Driving around Mississauga for work, baseball games and painting excursions, I have come across some unusual and unexpected sculptural pieces and artistic adornments to buildings installed by business owners, managers and ordinary people of their own volition. These gems enliven our City, brighten their surroundings, surprise us with their creativity, and make us smile. Here are some of my favourites.
MALTON VILLAGE SIGNS
Every time I come up Hwy. 427 and turn left onto Derry Rd. I see this beautiful sign of an Avro Arrow on a two-tone brilliant blue background. While presenting a modern look, it acknowledges one of the most outstanding accomplishments in Canada’s aviation heritage with the creation of the Avro Arrow fighter jet. The Avro Arrow is white with red touches and appears to be heading for the great blue beyond. Malton village is steeped in the historical development of Mississauga. It surrounds one of the largest airports in Canada and provides a stopping point for many immigrants, travellers and business people. This colourful sign was chosen by the residents, including myself, to represent not just a moment in its history, but the ever vibrant culture and life of this significant part of Mississauga.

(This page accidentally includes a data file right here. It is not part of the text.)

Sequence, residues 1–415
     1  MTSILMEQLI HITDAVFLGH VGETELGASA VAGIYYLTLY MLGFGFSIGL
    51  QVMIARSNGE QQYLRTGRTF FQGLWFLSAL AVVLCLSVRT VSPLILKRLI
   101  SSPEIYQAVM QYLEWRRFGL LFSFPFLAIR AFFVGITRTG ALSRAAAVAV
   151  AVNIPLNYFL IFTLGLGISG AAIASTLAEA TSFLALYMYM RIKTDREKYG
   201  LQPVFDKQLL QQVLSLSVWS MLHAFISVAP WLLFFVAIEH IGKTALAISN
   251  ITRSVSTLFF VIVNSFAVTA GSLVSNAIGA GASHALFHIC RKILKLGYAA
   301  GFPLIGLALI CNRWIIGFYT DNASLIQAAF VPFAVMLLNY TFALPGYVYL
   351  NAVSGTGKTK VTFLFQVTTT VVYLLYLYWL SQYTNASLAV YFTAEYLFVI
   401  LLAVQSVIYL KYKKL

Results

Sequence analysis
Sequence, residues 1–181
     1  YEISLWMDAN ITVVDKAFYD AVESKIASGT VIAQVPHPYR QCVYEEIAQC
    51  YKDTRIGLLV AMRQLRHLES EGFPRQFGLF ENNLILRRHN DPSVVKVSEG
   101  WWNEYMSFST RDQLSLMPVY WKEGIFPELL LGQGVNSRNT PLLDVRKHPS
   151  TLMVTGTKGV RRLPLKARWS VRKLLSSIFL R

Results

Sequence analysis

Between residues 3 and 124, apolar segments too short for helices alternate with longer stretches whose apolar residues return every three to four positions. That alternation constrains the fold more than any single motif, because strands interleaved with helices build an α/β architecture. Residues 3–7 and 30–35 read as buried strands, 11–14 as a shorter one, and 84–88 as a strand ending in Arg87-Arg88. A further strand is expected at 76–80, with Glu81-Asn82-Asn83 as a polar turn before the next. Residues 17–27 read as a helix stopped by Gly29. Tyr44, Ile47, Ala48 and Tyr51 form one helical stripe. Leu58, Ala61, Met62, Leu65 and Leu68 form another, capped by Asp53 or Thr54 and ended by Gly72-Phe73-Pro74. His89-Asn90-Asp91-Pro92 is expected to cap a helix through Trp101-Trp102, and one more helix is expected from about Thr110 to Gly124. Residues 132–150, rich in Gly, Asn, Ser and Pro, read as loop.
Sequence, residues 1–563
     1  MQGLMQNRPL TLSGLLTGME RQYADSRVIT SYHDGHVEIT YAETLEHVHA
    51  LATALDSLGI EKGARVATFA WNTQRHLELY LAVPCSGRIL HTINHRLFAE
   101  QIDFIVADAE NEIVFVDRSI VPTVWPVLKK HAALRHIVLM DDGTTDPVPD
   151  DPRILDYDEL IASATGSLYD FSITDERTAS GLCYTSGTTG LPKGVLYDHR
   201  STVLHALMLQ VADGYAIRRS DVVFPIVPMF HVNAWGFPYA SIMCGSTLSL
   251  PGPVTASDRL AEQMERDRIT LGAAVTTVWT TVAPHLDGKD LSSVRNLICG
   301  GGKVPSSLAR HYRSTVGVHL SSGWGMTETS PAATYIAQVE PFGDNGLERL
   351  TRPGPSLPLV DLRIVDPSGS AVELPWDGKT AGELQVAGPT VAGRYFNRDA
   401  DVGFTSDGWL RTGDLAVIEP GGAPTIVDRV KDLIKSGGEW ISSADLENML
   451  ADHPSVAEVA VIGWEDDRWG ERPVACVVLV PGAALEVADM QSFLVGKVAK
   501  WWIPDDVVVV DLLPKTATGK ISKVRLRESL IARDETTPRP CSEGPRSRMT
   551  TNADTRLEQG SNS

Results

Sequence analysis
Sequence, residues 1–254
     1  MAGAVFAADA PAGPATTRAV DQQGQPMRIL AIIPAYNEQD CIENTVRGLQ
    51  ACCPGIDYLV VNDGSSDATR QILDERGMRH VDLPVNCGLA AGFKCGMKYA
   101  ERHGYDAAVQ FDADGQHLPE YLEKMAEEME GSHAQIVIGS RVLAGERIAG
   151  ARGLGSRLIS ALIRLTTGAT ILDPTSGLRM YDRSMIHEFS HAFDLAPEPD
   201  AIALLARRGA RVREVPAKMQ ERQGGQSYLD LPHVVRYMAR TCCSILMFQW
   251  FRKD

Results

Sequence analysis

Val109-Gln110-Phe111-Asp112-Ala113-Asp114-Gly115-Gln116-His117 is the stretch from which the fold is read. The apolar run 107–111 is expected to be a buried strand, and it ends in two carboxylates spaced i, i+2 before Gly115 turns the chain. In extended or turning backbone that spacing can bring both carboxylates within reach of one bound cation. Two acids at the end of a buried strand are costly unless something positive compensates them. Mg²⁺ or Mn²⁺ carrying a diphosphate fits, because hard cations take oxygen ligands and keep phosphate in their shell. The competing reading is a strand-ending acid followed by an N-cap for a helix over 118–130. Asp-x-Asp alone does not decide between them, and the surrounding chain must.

COOKIE GIRLS FINE PASTRIES SHOP
There aren’t many shop owners that would be daring enough to paint their building in shades of cotton candy and raspberry pink. This adorable little coffee shop brightens up 13 Stavebank Rd. and tempts passersby to enter and indulge in a European style pastry, ice cream cone or excellently brewed coffee. Inside the cafe is tastefully decorated in clean ivory with cow patterned pillows and chairs. Owners Alex and Greg Boch have managed to weather the damages done last year by an itinerant motorist who ploughed into the front of their store and demolished it. After being closed for 7 months they are back and pinker than ever. This delightful shop with its raspberry striped umbrellas on twin bistro tables, candy pink facade, and co-ordinated deep rose petunias, gladdens the eye and rewards the palate with sweet treats.
THE GUITAR ON STRINGS ATTACHED, Guitar Store
Sometimes it’s a store name or a piece of art that catches my eye – Strings Attached has both! At #3 Main Street in Streetsville, owner Kevin Kennerney nailed a real Epiphone guitar on the upper portion of his wonderful, quaint, music store several years ago. Originally a bright red, this guitar is now faded by the elements to a mellow brown and is more beautiful than ever. At a rakish angle, it is surrounded by the blue reflection of an upper window. Assistant manager Michael Amaral explained that this store sells primarily guitars and provides lessons to people from all over Mississauga and surrounding areas. Well known and respected, this family-owned business has displayed a touch of artistry with an unusual gem that makes us want to strum with praise.
THE PAINTING of the APOSTLE SAINT ANDREI